Remember the story of the wise and foolish virgins (Matt 25:1-13)? They were waiting for the groom (in those days you waited for the groom; nowadays we wait for the bride) to show up for the wedding. Five were wise and brought extra oil for their lamps while five were foolish and did not. The groom’s arrival was delayed so the foolish ones said to the wise, “Give us some of your oil.” The wise ones responded that they could not do this because there was not enough oil for all ten of them.
You see, there are some things you just can’t borrow and some things you just can’t lend. You can’t lend your readiness to meet God to someone else. You can’t borrow someone else’s intimacy with God.
You know what happened in the story: The foolish bridesmaids went off to buy more oil and missed the groom’s arrival; when they returned they were not permitted to enter the wedding feast. In those days, when a wedding feast began the doors were locked and no one else could enter. When the foolish virgins arrived back, the groom said that he did not know them.
The bottom line is that you have to know Jesus for yourself. You can’t borrow your mother’s intimacy, relationship, or readiness. You have to have your own. No one can go to Mass for you. You can’t borrow someone else’s holiness.
There is an old gospel hymn that says, “Yes, I know Jesus for myself.” It’s not enough to quote the pastor; it’s not enough to parrot what your mother said. You have to know Him yourself.
Do you know Him? I didn’t ask, “Do you know about Him.” This is more than intellectual knowing; this is the deep, biblical, experiential knowing. Do you know the Lord Jesus? Have you experienced that He has ministered to you in the sacraments? Have you heard His voice resounding from the pulpit and in others you meet? Do you know Him? Don’t be satisfied that your mother or grandmother knew Him. You are called to know Him for your very self.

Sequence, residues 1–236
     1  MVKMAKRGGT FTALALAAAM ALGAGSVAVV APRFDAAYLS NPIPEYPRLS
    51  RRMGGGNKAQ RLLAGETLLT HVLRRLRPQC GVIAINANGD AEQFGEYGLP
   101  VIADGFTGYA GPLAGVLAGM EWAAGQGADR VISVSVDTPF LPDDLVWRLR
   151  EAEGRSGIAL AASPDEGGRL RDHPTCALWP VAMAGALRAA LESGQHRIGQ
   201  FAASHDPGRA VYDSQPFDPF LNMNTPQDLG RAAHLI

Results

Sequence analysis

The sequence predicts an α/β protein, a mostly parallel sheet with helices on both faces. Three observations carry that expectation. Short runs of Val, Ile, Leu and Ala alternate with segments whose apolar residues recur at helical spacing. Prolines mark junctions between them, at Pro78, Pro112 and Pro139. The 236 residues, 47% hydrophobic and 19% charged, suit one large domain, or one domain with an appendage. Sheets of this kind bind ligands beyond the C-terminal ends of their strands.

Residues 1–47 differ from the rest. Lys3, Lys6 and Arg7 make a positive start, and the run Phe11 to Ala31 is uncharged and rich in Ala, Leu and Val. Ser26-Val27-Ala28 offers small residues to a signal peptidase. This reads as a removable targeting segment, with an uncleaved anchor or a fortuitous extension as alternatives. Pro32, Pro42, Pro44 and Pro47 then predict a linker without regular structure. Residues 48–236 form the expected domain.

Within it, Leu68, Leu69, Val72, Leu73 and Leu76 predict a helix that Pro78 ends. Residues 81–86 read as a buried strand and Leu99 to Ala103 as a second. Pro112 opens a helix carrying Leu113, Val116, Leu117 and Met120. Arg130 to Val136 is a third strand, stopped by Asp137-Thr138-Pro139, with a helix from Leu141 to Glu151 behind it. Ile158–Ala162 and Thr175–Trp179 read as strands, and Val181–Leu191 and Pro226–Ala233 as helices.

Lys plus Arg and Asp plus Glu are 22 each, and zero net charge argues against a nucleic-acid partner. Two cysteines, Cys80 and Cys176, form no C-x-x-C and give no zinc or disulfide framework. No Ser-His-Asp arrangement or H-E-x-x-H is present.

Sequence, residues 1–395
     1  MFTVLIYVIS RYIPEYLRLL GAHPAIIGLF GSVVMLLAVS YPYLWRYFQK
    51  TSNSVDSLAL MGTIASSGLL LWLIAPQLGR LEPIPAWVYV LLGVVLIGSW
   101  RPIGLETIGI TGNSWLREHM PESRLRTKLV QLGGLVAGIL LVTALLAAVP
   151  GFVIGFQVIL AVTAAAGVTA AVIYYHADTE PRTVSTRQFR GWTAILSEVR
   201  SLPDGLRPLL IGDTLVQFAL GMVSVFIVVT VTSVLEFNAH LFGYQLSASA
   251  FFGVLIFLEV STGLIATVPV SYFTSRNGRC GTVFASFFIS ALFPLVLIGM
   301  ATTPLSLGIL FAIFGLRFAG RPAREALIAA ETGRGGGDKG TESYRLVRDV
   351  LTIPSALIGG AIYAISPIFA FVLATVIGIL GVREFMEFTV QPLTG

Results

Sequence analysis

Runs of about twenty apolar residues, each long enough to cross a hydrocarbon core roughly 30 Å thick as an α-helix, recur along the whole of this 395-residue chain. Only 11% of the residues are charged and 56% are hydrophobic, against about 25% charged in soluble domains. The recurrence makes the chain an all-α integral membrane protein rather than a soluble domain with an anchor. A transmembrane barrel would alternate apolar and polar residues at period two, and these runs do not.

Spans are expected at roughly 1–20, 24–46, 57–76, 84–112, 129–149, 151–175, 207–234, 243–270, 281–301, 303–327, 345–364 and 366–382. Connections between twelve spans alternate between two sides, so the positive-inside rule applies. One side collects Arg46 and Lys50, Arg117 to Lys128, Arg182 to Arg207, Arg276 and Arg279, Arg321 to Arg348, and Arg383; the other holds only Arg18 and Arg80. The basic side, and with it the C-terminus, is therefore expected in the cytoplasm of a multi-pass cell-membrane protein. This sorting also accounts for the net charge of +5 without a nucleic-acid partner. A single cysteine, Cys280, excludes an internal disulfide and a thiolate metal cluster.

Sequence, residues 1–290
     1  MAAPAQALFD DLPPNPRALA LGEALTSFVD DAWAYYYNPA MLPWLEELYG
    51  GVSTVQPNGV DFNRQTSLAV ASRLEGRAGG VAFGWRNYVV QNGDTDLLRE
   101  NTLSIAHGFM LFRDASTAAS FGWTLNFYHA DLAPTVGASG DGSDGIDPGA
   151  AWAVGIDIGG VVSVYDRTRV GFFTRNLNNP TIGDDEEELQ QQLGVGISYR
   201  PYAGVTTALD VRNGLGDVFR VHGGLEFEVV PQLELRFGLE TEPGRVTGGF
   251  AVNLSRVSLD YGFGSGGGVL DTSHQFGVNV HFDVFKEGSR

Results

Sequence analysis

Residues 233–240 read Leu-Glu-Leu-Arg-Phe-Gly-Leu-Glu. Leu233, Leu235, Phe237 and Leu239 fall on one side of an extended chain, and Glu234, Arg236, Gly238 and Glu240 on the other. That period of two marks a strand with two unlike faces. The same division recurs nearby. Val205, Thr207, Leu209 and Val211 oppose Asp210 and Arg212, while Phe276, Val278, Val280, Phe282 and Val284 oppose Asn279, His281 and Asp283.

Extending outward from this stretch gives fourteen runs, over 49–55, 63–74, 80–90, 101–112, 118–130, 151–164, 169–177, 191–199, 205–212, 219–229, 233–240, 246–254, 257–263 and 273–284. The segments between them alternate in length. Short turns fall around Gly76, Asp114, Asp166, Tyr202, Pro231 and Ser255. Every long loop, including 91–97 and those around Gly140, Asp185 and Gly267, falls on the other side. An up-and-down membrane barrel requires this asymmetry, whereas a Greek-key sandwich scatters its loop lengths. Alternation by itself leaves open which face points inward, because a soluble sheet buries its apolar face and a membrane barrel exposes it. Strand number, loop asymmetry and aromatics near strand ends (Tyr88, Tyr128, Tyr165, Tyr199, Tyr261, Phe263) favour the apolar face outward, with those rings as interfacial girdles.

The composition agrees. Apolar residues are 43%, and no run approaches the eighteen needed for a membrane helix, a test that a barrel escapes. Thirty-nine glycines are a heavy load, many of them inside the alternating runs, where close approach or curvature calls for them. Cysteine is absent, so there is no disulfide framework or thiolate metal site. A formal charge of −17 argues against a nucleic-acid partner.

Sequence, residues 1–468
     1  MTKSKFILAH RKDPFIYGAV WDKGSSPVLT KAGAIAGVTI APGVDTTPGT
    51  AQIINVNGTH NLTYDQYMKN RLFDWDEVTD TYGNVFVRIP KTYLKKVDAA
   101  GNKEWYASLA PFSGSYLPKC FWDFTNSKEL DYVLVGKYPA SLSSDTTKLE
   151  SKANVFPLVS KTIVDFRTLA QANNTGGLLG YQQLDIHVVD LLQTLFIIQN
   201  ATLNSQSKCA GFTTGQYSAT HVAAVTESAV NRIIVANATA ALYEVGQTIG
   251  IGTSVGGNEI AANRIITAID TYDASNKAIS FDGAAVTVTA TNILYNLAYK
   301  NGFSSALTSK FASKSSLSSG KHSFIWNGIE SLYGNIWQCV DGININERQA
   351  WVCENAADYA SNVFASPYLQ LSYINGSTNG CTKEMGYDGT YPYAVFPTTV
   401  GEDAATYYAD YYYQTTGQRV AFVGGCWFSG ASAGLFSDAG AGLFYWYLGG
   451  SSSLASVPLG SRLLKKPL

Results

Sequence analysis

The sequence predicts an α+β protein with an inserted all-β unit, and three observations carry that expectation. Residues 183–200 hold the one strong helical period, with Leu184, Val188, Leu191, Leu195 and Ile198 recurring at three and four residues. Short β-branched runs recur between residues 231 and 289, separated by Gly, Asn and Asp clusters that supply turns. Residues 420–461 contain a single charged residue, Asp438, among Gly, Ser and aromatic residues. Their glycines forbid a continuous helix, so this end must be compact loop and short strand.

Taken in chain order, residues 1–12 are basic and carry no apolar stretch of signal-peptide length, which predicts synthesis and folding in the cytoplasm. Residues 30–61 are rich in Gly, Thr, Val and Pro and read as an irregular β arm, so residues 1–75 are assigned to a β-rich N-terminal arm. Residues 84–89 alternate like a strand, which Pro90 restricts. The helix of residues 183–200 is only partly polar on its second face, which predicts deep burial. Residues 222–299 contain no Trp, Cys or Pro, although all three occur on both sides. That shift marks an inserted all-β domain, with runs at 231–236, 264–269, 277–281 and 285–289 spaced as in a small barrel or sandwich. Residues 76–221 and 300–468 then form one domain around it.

Below are a couple of renditions of the gospel classic I mentioned. The first is performed by the St. James Mass Choir; the second, by a choir from girls’ school in Poland! Watch the first and then enjoy a very different version as the song leaps across the Atlantic to Eastern Europe. What a wonderful world it is! Despite crossing and cultures and a vast ocean, the message remains the same: Yes, I know Jesus for myself.
In the Office of Readings we are currently sampling from a treatise on the Lord’s Prayer by St. Cyprian. One of those readings earlier this week offered some cautionary notes on what might be termed “reverential reserve” when celebrating the Sacred Liturgy.
Before quoting St. Cyprian, I’d like to make some observations regarding the role of culture and history. Of course, dear reader, you are free to skip my poor musings and jump right to the teaching of St. Cyprian, who outranks me substantially by being a bishop, a martyr, a Father of the Church, and a Saint!
St. Cyprian surely calls for some reserve in prayer, both private and public. But I wonder how to quantify reserve? And how is it related to respect? I have certainly seen and participated in worship experiences that were “over the top.” In such instances the music was too loud, the musicians were more in the role of performers, and the “house was “rocking” more so than praying. In gospel music there is a distinction between Church gospel and “performance gospel.” The first inspires prayer and praise while the second is designed more to please and excite the audience. Christian contemporary music has similar distinctions. Some pieces can be deeply prayerful or stirring works of praise, while others have more of a “listen to me!” quality or even a “pep rally” feel.
Even in more traditional forms like chant, polyphony, and orchestral Masses there have been excesses that the Church eventually weighed in on. Chant, though seemingly the least capable of excess, did have times and schools in which the use of proportional rhythm or overly extended melismata sometimes obscured the text. Gallican Chant was more florid than Roman, and during the late Middle Ages the people of Paris flocked to places like Saint Denis and Notre Dame to hear the increasingly musical chants now sung in organum. It was quite the rage.
During the Polyphonic Age the rich harmonies and often-complex intertwining of parts sometimes overshadowed the text. The borrowing of secular tunes was also problematic. The Church Palestrina helped lead the way back to a simpler form that emphasized the sacred text over the rich harmonies.
Orchestral Masses increasingly grew to resemble operas. The settings, quite musical and elaborate, wowed the worshippers. They were also quite lengthy: some Glorias and Creeds lasted more than twenty minutes. But here, too, some popes (e.g., Pius X) sought to set limits.